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Greek-American Stories: Holiday Hints

George told the others sitting around the table that Sunday at Dixon’s about Areti telephoning his wife to ask if she got an invitation for Thanksgiving Day at Dimos’ diner. “I’m sure Yiannis put it up to her to ask,” briskly stirring his coffee, then he added, “God forbid he had to buy a turkey and all the stuff that comes with it.” Dimos laughed. “I am a little late mentioning it, but, he knows every year we celebrate it at my diner. What’s he worried about?” George nodded with vigor. “He’ll breakout in a sweat if he had to open his wallet and buy all the stuff that goes with the Turkey.” Just then, the object of conversation walked over, coffee in hand. He sat down after greeting them, eyeing the donuts. “Well! The holidays are coming, right?” “Right!” muttered the others between sips of coffee. “Let’s see! First, there’s Halloween. Then, there’s…let’s see…Oh, yeah! Election Day.” He looked around. No one added anything. He continued. “Then, there’s…ahhh.”

“Then, there’s, ‘what’?” asked Kipreos, his brain searching for what came next. “Of course! St. Anargyros Day?” offered John, innocently. Impatience rattled Yiannis’ good humor. “That’s no special holiday! Besides! We don’t know any Anarygroses!” “Someone’s birthday?” asked John, stifling a laugh. They all watched, amused, as Yiannis stirred his coffee so hard it began to spill over the sides. “October and November are known for a lot of holidays – holidays we all enjoy. But, isn’t there one that’s always been really special?” George said, “well, maybe, Christmas shopping and the decorating stuff.”

“That’s December stuff, George!” Yiannis responded, annoyed. “I’m talking October and November.” A silence fell over them as Dimos continued to dodge Yiannis’ hints. Then, he said, “I know!”  Yiannis looked up, hopefully. “Yeah, yeah? What is it?”

John slyly winked across at Dimos. “Of course! How could we forget! October 28th. “OXI’ Day! When we all meet on Fifth Avenue for the great parade,” Dimos smiled, broadly. “That’s what you tried to recall, right, Yiannis?” Yiannis sulked. “Not…not exactly.”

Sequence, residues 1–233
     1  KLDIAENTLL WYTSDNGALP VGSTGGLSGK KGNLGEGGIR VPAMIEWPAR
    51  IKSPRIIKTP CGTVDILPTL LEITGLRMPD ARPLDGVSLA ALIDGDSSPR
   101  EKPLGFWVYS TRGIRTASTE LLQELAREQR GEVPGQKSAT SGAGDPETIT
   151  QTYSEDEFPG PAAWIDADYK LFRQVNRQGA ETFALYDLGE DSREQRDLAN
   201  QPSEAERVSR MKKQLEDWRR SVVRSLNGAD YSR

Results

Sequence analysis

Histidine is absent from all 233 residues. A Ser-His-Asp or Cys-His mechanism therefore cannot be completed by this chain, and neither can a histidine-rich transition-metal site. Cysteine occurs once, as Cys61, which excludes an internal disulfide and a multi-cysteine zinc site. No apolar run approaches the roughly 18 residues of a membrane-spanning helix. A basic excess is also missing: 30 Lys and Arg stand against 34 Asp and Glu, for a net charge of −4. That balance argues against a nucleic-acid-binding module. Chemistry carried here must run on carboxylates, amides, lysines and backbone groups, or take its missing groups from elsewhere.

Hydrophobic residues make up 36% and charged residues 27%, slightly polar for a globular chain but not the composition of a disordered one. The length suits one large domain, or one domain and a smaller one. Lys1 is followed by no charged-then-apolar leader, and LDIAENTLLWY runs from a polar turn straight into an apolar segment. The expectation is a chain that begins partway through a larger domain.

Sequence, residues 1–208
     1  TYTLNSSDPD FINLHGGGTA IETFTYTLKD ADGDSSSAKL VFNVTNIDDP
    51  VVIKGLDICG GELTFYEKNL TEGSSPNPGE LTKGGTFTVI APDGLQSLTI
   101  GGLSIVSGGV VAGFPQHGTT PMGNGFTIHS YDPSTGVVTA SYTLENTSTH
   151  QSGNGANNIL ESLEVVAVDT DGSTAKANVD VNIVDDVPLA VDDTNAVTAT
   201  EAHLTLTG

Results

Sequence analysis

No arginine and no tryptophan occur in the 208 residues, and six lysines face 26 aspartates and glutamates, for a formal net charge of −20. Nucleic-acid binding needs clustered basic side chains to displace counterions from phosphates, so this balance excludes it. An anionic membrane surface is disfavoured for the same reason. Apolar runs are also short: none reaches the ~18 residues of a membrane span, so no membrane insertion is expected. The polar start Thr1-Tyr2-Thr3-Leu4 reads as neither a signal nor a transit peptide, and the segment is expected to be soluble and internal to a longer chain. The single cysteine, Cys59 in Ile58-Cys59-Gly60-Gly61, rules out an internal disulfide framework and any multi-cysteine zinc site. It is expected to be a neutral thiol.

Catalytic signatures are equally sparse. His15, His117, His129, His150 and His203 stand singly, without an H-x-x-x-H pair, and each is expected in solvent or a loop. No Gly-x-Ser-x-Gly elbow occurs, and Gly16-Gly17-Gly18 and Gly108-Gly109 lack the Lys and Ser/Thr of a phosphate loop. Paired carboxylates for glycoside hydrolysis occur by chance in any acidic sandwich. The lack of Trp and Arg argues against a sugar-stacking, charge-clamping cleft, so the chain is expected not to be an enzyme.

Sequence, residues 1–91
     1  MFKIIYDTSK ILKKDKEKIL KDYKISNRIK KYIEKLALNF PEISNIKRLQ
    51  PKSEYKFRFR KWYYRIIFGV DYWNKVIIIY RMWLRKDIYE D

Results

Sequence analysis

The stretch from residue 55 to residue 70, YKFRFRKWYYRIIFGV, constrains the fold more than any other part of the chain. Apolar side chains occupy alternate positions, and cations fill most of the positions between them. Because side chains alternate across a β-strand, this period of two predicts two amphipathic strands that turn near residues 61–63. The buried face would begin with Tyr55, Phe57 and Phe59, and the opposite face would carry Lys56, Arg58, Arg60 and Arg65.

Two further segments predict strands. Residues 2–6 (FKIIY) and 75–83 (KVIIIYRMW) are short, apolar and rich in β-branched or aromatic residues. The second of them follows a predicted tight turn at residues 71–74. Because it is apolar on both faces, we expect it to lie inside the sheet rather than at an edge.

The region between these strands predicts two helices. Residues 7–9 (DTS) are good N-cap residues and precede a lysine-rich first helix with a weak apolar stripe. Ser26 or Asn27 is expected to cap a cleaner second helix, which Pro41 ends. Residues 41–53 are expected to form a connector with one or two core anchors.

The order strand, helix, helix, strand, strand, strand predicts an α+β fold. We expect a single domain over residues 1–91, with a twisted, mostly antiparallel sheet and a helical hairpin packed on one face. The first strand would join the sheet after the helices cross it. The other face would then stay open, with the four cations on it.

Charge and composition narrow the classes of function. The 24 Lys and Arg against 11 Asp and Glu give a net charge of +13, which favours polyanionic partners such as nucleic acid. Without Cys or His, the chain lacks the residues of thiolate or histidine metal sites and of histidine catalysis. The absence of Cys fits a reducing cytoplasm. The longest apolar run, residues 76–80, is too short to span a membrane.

John added, “and, as usual, you’re all invited for a few drinks and the wonderful desserts my wife will prepare.”

Thanksgiving Day seemed remote and nonexistent. “Wait minute, guys! Isn’t there a holiday when Turkey is eaten,” Yiannis asked. Kipreos’s head lifted from his donut. “I ate a turkey sandwich at lunch, yesterday. I don’t wait for a holiday to eat a turkey sandwich.” “But, there’s a day when everyone gets together because it’s a special holiday, Kipreos,” grumbled Yiannis. Then, realizing that he was being a little too anxious and outspoken, he used more caution. “I mean…” he began. “…ahh, what’s the name of that holiday. It’s on the tip of my tongue.” George, nodding sarcastically, eyeing the empty donut dish, said, “Food is always on the tip of your tongue, Yiannis.”

Finally, Dimos decided to end Yiannis’ frustrations. “You mean, Thanksgiving Day, Yiannis?” Yiannis brightened. “That’s it! Thanksgiving Day!” He now expected to hear about the invitation. But, was met with silence. John brought up another subject that was discussed with enthusiasm while Yiannis sulked, his mind reflecting a gloomy picture celebrating with the raucous twin grandkids, turning his apartment into a battle field, his loud, complaining, hungry in-laws, his son-in-law’s opinions on politics, and his daughter who will, no doubt, complain about his frugal habits and – oh, God! Having to pay for it all, too. Then, growing more downcast, he asked, “Dimos, will your diner be open on that day?” Dimos nodded, “I’m always closed on that day, as you know. Why do you ask?” Shrugging, Yiannis said, “Well, Areti needs a little rest. You know, working all week, poor woman. I thought…maybe, we should eat out for a change.” Dimos nodded and sipped his coffee, nonchalantly. Observing Yiannis’ downcast expression and growing pallor, he asked, “something wrong?” Yiannis shrugged, heaved a sigh, and shook his head. “No, no!”

Dimos, worried that they could lose a friend, told him, “of course, we expect you and Areti at the diner on Thanksgiving Day, as usual.” Yiannis looked up, elation nearly overcoming him. He paused, as if giving the invitation consideration. Then, with composure, said, “oh, sure. Why not?” And, as the story goes, ‘All’s well that ends well!”

Next stop: Christmas. Happy holidays, everyone!

 

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